For a terrible liar like myself, coming up with excuses for missing class was never easy. I always tried to strike a balance between telling the unvarnished truth and not being too evasive, but didn’t always succeed. Going to high school in the States, saying “I had things to do” simply didn’t suffice. Explanations like, “Y’know, I just wasn’t feeling well” or “I lost track of time!” were better but harder to pull off convincingly. It would almost have been better just to tell the truth and hope for the best, even if “I was drinking beer in the parking lot, Mr. Principal” would have raised an eyebrow or two.

I’d like to say that as my 10th high school reunion date approaches, I take a far more mature attitude toward my studies than I did back then. But still, within the confines of a rather lax Chinese language school here in the rather lax city of Kunming, there have been occasions when I haven’t been able to trudge to class. I won’t bore you with reasons why, but suffice to say I probably couldn’t have gotten a doctor’s note for the majority of my absences.

One advantage of the Chinese, though, is the all purpose excuse:“我有事” In Chinese, this typically translates as “I have things to do”. The beauty of this excuse is that I have never met a Chinese teacher who has questioned it. Anytime I’ve been late to class, or missed a lesson, I’ve been able to use 我有事 without fail. Occasionally, if I’ve been particularly bad about going to class, I utter the phrase in a somber tone that would make Christopher Walken proud.

我有事 is great because it can apply to any reason you might have missed class. That 烧烤 you ate last night didn’t sit well in your stomach this morning? 我有事. Had an evening session with a couple of cadres, a deck of cards, and a bottle or two of 白酒? 我有事. Found that reading about the misadventures of Paris and Britney online was a hell of a lot more interesting than studying the 把 structure? You guessed it: 我有事.

If you’re teaching or working in China, 我有事 doesn’t work because your 事 is your boss’ 事. But if you’re in a language school, it sure beats the hell out of the old Jeff Spicoli line “I just couldn’t make it on time, Mr. Hand!”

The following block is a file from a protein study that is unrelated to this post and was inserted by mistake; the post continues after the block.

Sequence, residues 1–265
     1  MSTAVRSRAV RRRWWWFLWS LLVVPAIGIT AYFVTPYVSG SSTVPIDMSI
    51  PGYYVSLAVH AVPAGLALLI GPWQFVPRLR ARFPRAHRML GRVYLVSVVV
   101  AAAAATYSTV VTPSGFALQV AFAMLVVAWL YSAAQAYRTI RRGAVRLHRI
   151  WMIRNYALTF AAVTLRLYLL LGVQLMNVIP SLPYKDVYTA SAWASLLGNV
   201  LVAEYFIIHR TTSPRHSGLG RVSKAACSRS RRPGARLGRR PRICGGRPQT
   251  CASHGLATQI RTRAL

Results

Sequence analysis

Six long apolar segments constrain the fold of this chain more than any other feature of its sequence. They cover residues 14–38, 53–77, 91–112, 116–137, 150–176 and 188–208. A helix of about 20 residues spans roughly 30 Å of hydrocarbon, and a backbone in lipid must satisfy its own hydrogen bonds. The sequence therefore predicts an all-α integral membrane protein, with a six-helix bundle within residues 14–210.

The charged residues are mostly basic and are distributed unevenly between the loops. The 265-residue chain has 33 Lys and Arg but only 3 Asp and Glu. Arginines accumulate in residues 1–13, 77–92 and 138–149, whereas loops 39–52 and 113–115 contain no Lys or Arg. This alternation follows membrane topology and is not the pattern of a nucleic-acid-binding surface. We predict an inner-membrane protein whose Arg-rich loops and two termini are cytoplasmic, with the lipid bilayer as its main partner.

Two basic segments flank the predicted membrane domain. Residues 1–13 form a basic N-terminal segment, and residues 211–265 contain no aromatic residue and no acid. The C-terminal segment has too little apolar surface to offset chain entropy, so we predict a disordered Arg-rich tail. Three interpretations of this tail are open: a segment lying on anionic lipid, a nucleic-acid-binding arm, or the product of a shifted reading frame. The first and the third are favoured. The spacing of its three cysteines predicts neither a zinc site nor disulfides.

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About Matt

Matt spent six years in China, mainly based in the beautiful spring city of Kunming. During that time he worked in consulting, journalism as well as English teaching. Matt studied Chinese for 2+ years and loved exploring the mountains of Yunnan by mountain bike). He now lives in New York City where he is pursuing a Masters in International Affairs at Columbia University.

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  1. @Rick: Haha… That’s a universal truth (or, rather, lie!)

    A few years ago I read a funny article in the Guardian newspaper that said the best excuse is a composite of a very brazen mistruth tempered by a very particular detail.

    Thus, for example, if you want to miss a whole morning of work you could call up the office and say that you shat yourself in the taxi-ride to the office, so did a U-turn and went home to shower and change clothes. You’d also then mention that the taxi driver was a 2-metre tall Northerner who said he was an uncle of Yao Ming. That kinda thing!

  2. @Matt: Haha, I used 我有事 a number of times while I was in uni here – well, up until the point when I really had 事(t) to do and stopped going.

    @Rick: 我的狗真可以吃我的作业本。她吃全部的东西。昨天我找到了她吃过石头。石头!

    @Steven: I think you used that a couple weeks back to get out of going to the bar! 😉

  3. chinese got a lot of these kind linguistic shortcuts(and kind of lazy).I guess i could add 不好意思,which i think could have plenty of meanings to just cut the crap and begin to ask what u wanna ask…

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